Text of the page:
The BC Wildfire Service will help BC Parks conduct a 100-hectare burn about 75 km west of 100 Mile House between April 17 and May 17.
The restoration burn will be conducted in the Dry Farm area of the Churn Creek Protected Area as part of a 50-year plan to reintroduce controlled burns to the grassland ecosystem.
The exact timing of the intentionally ignited fire, which will be managed by a certified “burn boss,” will depend on weather and site conditions, a BC Wildfire Service bulletin said on April 17.
When the fire is ignited, smoke may be visible from surrounding communities. However, the bulletin noted that all prescribed burns must comply with the Environmental Management Act and the Open Burning Smoke Control Regulation, which help minimize the amount of smoke generated.
“BC Parks is conducting this project as part of ongoing grassland restoration efforts in the Churn Creek area,” the bulletin said.
“The ecology of this region has declined since European settlement, partly due to the suppression of naturally occurring wildfires.”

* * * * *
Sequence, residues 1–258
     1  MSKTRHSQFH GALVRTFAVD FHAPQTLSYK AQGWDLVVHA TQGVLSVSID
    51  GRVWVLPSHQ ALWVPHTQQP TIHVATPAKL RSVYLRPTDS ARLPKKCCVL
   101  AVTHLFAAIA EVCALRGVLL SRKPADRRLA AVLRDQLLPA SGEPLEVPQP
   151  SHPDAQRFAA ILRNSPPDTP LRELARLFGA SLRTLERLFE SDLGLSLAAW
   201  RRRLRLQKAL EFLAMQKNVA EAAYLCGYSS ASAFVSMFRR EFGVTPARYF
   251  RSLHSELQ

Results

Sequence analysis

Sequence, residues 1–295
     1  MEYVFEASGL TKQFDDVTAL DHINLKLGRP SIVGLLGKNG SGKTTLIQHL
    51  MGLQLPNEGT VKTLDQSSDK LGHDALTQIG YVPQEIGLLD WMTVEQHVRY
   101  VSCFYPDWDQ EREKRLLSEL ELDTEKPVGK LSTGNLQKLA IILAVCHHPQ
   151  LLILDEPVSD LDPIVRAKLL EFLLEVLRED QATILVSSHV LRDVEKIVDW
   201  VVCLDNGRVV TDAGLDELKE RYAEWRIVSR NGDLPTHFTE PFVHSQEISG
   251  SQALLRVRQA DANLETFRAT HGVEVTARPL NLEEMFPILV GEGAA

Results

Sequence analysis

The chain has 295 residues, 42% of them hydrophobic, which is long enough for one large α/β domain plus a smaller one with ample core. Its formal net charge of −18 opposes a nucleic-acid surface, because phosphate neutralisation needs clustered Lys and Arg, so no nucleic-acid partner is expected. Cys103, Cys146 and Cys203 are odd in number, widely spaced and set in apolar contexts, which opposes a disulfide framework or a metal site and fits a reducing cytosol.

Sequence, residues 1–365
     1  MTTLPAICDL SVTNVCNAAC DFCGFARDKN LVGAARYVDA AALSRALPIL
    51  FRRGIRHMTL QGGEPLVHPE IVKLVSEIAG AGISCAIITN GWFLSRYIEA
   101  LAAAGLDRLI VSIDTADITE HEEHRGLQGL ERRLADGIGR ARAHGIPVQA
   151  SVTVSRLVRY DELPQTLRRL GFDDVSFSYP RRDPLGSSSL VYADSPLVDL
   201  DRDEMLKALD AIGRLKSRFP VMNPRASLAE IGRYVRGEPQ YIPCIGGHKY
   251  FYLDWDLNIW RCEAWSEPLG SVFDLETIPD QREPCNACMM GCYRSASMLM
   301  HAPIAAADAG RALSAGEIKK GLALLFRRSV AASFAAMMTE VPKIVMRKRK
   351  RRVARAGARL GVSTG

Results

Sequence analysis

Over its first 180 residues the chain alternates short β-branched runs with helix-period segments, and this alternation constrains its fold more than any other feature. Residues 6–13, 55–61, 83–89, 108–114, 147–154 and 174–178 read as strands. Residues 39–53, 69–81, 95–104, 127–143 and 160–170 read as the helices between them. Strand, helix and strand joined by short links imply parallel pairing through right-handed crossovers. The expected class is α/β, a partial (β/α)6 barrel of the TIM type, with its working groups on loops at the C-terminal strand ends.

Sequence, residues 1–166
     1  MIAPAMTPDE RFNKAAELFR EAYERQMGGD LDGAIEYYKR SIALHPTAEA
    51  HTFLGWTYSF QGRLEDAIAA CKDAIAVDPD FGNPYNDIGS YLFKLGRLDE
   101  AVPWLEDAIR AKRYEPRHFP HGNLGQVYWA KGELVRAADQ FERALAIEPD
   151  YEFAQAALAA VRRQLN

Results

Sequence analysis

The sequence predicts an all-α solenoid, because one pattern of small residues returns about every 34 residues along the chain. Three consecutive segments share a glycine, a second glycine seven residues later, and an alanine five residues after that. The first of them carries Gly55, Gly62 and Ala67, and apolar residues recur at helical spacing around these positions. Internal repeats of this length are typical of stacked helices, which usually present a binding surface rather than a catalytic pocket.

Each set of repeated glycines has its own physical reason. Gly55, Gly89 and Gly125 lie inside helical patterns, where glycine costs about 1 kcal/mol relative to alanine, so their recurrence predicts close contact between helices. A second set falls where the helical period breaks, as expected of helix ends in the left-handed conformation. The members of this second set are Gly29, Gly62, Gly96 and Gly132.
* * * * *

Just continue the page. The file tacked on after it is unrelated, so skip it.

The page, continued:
The bulletin said the burn will improve forage for mule deer and bighorn sheep, and reduce the amount of sagebrush in the area to help prevent the encroachment of fir trees on open grasslands.
“Fire is a natural process in many of British Columbia’s ecosystems, and many species of other animals, plants, birds and insects depend on fire for its regenerative properties,” the bulletin continued.
”The size and intensity of prescribed burns are carefully planned and controlled to meet management objectives for fire-maintained ecosystems.”